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Saturday, December 27, 2008

Short report on the 32nd International Symposium on Combustion - Montreal

by Dr Guillermo Rein, The University of Edinburgh.

More than 1,100 delegates from 40 countries participated in the 32nd International Symposium on Combustion in Montreal where 7 parallel sessions took place with 5 plenaries, 554 presentations and about 330 posters during the five-day long event. The McGill campus and the city of Montreal were brilliant choices for the venue, providing easy international access, the right facilities and a vibrant cultural atmosphere. The organization was flawless.

This was the third combustion symposium that I attended. I found it very interesting - not only because I learnt about some of the latest developments in combustion science but also because I met some extraordinary people. By attending the ISC, I continue on discovering the roots of the combustion community, the reasons for the path taken in the past and its current aims.

The fire group in Edinburgh presented three papers:

. Small-scale forward smouldering experiments for remediation of coal tar in inert media

. Carbon emissions from smouldering peat in shallow and strong fronts

. Transport mechanisms controlling soot production inside a non-buoyant laminar diffusion flame

Judging from the Symposium plenaries and paper presentations that I attended or read (about 40 of them), the combustion research community has largely focused again on the fundamental research of topics like detailed chemistry, turbulence models and engines/turbines. This feeling is confirmed by reviewing the programme where these three topics were the focus of 35-45% of the talks. Of the 12 colloquia that made the programme, one was dedicated to Fire Research, my expertise. In this colloquium, there were 31 presentations and 20 work-in-progress posters on fire topics that included fundamental aspects of fires, flame spread, radiation effects, combustion suppression, and fire and the environment.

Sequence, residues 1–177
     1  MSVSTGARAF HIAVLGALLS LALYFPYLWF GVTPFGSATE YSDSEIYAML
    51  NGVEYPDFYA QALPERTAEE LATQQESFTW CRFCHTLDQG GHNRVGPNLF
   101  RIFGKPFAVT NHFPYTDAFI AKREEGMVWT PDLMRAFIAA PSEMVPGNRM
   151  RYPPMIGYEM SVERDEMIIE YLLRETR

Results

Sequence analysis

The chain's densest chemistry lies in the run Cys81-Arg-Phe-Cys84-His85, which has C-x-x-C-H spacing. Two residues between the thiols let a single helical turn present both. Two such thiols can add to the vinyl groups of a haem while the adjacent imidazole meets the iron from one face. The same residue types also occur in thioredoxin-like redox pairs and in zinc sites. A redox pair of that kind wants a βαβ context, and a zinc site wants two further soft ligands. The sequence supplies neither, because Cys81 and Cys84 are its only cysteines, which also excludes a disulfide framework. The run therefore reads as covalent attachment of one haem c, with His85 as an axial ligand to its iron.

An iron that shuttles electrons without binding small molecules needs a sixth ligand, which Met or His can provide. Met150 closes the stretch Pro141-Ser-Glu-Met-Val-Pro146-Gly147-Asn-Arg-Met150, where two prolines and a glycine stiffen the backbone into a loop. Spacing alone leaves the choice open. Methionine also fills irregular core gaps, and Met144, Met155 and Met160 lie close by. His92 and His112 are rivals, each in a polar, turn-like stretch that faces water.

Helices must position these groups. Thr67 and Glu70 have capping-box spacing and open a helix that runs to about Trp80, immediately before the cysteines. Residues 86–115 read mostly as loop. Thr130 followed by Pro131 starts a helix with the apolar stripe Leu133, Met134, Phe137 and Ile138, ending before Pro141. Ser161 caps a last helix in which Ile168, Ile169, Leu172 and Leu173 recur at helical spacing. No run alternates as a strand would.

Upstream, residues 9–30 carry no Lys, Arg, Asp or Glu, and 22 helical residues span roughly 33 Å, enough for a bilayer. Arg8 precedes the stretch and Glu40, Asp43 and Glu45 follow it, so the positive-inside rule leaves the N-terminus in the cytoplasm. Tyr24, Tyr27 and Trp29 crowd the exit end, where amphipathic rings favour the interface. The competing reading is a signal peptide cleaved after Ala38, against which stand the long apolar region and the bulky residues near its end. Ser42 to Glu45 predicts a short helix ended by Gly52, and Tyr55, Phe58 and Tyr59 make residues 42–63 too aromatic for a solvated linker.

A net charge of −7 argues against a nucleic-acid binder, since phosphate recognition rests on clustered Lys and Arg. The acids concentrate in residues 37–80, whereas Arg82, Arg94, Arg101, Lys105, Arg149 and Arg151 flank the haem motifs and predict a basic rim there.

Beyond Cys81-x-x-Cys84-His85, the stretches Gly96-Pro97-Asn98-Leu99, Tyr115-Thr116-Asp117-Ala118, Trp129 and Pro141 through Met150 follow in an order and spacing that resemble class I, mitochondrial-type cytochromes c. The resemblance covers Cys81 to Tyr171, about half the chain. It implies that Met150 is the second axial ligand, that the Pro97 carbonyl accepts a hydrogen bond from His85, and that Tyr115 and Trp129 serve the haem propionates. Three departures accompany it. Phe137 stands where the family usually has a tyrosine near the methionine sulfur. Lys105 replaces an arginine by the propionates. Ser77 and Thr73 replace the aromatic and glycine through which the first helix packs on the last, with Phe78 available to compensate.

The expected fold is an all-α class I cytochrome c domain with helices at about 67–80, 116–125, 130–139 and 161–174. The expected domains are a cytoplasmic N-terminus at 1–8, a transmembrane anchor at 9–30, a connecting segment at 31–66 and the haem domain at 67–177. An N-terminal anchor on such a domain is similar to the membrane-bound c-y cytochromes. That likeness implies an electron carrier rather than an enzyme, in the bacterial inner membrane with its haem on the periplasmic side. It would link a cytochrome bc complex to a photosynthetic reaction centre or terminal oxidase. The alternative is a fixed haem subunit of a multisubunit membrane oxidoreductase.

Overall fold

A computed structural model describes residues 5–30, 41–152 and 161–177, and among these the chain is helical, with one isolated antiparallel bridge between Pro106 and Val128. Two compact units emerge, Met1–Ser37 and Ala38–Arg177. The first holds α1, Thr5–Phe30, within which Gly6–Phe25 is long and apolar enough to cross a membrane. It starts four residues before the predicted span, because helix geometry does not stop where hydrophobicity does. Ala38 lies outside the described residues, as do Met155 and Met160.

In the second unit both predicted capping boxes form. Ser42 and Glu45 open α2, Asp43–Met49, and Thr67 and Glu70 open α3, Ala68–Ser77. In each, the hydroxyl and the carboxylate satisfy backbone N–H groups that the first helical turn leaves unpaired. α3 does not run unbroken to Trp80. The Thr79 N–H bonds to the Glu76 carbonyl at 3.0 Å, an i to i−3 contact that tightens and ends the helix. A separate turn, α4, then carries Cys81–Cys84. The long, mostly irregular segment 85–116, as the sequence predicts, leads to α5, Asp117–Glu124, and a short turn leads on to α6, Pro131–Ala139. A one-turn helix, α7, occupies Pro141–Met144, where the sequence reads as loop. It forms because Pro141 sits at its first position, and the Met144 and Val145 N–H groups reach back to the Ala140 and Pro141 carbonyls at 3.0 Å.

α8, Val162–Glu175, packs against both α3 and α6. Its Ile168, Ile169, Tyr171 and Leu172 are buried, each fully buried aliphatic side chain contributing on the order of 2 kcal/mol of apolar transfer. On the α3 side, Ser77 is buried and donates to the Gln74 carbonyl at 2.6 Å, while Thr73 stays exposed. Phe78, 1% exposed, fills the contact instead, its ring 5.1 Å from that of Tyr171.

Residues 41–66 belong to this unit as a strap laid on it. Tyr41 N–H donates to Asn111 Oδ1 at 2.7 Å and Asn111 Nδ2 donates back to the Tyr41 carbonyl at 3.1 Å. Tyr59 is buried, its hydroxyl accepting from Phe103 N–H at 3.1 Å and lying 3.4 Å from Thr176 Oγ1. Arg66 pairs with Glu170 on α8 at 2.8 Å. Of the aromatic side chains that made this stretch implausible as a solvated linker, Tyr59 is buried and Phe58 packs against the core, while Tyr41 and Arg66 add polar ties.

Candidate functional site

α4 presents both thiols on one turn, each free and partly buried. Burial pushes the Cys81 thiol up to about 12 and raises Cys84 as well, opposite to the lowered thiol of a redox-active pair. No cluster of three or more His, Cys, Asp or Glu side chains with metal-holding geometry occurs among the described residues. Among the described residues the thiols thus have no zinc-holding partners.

At times, I had the impression that I had already been there. Similarities, in general lines, with previous symposium contents were patent. From my point of view, there were not many breakthroughs but a general lack of exciting topics, with a few exceptions like the plenary lecture of Prof. Sawyer on energy and environmental problems, the talk of Dr Linne on ballistic imaging, and others. The Symposium contained little applied research and little new topics (ie. less that 3% of the papers addressed new technology concepts). In the meantime, some of the biggest scientific concerns of our time are directly linked to combustion processes but largely ignored by the combustion community for some reasons. For example, emissions, energy and environmental problems were the focus of less than 1% of the papers.

For the next symposium in Beijing 2010, I personally look forward a wave of stimulating applied research, and fresh ideas from outside the box in addition to new detailed fundamental studies of older topics.

I appreciate the partial financial support of the British Section of the Combustion Institute to attend the symposium.

Dr G. Rein


NOTE I: Parts of this report has been published in the 2009 Spring Newsletters of the British Section of the Combustion Institute and The International Association of Fire Safety Science .

NOTE II: I asked Prof. Sawyer via the Combustion Institute website if we were doing enough given the great importance of the energy and environment combustion problems? He replied by saying "The debate over the Combustion Institute's role, whether to focus solely on high quality science or to venture into advocacy, has been ongoing for decades. Past decisions to avoid advocacy deserve review. The participation of the new generation of combustion scientists in this debate is essential"

NOTE III: The 5 Plenary Lectures of the Symposium can be watch here

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